Falling in love with a new author always brings out two different desires in me. The first, is the wish that I'd discovered them years ago, because now they have suddenly brought so much to my reading life that I have been missing out on. If only I had known about them sooner, who knows how different my life would be! (Okay, that might be a little over the top, but you get the picture). The second is the overwhelming need to read every single thing the author has written, ever. That feeling of excitement and joy when you realise they have a whole back catalogue of books that are yet to be read - the anticipation is delicious. Unsurprisingly - given the title of this post - this is exactly how I feel about John Green. I've raced through two more of his novels since devouring Looking for Alaska, so I thought I'd mini-review them both for you this week, just because I like them (and you!) so much.
Before I get into the book-y stuff, let's just find out a bit about the author first. I'll summarise his wikipedia page briefly for you - he's a 34 year old guy who is a New York Times best seller, married with one kid, lives in Indiana and is one half of the Vlogbrothers. "What?" I hear you ask. So, in 2007 John and his brother Hank decided they would communicate with each other only via video blogs and would stop all text based communication. I know, right? It turned out to be pretty popular, and at the end of 2007 they announced that the vlogging would continue and you can find out all sorts of interesting things and watch some videos over at their website, Nerdfighters.
I feel the need here to make a point here about the internet. Huh...I've just realised I do that a lot. Oh well - it is something I think about pretty often and how generally, I'm grateful that it wasn't as pervasive or accessible when I was a teenager as it is now. Basically, the internet and email were cool, but they weren't such a big deal, you know? Social networking still happened in the playground, via telephones attached to landlines and on weekends at each others houses. Internet based conversations still happened via ICQ. So it makes me happy to find out that sites like Nerdfighters exist, because it is a cool place, and seems to be very much about letting teens (and everyone) be who they are and not telling them who they should be.
The second John Green book I got my hands on was the intriguingly titled Will Grayson, Will Grayson, co-written with David Levithan. It sounds like it could be a poem about or a love song written to some guy called Will Grayson. Which it kind of is, in a metaphorical sense, except that the novel is about two guys who both happen to be called Will Grayson. It's an incredible cliche to describe books (and movies, songs, paintings, interpretive dance) as moving, but in this case it's true. It's also incredible funny - both straight up hilarious, and also in that "ha ha - ouch" way that is bittersweet and ironic. The Will Graysons meet under unlikely circumstances and from that night, their lives suddenly start moving in unexpected directions. This novel also features a musical, written by the most fabulous supporting character in a novel ever. The first Will Grayson we meet has a best friend named Tiny - and so obviously he is huge. Larger than life and huge of heart, he is the writer of said musical, which is autobiographical and features a character named "Gil Wrayson" - which was the biggest laugh out loud moment of the novel for me. Seriously, I'm giggling right now as I write this. WORDPLAY.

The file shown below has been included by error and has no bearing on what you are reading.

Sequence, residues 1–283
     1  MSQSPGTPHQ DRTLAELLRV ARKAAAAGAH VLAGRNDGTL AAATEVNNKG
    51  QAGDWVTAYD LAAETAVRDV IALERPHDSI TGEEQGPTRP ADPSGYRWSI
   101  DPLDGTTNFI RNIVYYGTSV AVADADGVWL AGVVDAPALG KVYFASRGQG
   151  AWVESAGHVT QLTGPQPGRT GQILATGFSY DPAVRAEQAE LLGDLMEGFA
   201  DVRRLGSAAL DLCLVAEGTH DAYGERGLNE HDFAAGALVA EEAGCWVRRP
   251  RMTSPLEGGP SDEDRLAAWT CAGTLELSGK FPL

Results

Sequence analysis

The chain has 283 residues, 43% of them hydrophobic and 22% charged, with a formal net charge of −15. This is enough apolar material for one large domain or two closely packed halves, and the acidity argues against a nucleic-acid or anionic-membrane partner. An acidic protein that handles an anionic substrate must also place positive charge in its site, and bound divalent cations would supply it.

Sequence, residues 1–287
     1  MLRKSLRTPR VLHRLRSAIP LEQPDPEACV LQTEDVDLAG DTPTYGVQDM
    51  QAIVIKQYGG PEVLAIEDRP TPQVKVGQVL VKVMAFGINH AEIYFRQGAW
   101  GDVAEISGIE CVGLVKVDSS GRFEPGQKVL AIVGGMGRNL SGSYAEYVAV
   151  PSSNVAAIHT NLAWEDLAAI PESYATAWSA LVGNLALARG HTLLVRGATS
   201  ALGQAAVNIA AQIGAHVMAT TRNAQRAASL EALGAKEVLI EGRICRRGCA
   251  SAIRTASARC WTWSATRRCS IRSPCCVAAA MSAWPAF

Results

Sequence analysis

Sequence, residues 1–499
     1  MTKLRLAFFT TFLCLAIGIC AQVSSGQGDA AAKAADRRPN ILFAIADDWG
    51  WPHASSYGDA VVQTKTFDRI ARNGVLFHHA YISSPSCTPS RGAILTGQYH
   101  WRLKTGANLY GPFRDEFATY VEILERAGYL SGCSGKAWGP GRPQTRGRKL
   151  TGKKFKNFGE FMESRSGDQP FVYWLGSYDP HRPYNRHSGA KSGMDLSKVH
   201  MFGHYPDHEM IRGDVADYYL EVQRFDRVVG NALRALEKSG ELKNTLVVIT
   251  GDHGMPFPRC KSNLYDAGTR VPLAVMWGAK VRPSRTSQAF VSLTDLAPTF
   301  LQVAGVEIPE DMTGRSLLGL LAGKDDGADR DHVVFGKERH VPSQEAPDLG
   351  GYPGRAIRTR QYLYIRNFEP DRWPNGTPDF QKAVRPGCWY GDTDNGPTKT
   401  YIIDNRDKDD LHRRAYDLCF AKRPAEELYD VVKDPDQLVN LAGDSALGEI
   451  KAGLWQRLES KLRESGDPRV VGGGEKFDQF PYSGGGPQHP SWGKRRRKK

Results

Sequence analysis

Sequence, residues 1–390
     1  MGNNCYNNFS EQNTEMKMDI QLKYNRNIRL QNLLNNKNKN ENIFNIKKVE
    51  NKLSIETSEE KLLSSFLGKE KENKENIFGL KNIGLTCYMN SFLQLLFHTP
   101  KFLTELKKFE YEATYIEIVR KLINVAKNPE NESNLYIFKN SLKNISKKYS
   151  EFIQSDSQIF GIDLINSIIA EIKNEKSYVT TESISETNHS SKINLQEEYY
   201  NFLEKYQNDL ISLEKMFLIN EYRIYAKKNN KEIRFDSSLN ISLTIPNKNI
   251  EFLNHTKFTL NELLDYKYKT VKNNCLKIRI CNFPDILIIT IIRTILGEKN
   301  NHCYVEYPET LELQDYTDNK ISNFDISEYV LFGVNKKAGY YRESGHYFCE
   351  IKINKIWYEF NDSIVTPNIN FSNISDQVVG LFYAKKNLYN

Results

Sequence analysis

I read a really interesting article today, questioning the need to categorise young adult novels as "YA" given that so many of them have "crossover appeal" and are read by a far more wide ranging audience than 13 - 18 year old readers. After all, it's not like the YA categorisation is like a PG or M rating on a movie, and nor should it be. One of the things I like so much about reading John Green is that things get pretty frank at times, without being deliberately titillating simply for attention and shock value. It's just real.
The third John Green novel was the delightful, beautiful and sad The Fault in Our Stars. I'm going to warn you straight up here - it's about teenagers who have cancer, so maybe don't read it on the train on the way to work if you are the sort of person who tears up easily. Just a suggestion. I don't know if I'm making too much of this - so please, I would value your opinion - but I was really impressed at how well Green writes from the perspective of a teenage girl. Now, I'm not a huge fan of making a big deal about differences between the genders, but there was not one moment reading The Fault in Our Stars where I questioned Hazel's voice. The greatest thing about this novel though, is how honest it is about the struggles of its characters without remotely becoming an episode of 7th Heaven. Like all his novels, it's just real. Kind of messy and difficult, with occasional moments of light. And no sermonising or proselytising from Reverend Camden. Phew.